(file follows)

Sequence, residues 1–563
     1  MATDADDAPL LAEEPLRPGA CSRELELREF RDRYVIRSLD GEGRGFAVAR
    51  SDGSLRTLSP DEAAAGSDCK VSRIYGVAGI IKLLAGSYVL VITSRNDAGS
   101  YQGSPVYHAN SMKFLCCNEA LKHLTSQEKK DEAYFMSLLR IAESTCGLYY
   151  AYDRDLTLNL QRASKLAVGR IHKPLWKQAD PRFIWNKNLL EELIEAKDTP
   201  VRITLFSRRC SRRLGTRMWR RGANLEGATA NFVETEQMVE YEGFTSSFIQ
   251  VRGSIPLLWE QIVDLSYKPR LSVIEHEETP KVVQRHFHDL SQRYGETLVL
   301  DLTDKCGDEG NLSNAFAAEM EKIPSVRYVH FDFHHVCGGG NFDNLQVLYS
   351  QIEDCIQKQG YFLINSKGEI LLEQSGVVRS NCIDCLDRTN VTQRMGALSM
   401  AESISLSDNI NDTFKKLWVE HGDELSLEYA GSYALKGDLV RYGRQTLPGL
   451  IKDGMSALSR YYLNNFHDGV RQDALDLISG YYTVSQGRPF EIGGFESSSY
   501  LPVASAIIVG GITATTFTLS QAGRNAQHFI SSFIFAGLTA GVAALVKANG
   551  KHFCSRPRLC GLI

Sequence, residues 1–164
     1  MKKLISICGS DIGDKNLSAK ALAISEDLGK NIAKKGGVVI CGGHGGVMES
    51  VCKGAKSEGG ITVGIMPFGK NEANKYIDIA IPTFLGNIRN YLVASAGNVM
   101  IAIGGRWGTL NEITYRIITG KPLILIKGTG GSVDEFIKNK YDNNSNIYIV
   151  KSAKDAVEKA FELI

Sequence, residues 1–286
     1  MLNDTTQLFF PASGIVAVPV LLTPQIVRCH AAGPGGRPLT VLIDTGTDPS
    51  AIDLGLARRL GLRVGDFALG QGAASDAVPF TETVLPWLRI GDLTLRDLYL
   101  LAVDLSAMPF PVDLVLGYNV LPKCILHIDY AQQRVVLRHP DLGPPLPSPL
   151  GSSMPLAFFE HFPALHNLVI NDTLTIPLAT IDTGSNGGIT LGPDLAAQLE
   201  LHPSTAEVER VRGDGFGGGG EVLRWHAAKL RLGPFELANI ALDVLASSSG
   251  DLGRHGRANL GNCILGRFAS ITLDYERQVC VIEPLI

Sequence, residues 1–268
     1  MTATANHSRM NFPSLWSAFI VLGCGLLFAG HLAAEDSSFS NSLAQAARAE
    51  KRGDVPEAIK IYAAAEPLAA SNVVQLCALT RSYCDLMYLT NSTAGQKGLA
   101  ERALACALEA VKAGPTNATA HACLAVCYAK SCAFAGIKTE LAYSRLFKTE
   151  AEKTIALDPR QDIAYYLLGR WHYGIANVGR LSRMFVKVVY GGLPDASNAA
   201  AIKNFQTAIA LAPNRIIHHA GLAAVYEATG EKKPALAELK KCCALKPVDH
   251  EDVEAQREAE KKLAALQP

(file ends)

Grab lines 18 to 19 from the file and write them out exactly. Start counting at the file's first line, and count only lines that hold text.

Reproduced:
   151  KSAKDAVEKA FELI

Sequence, residues 1–286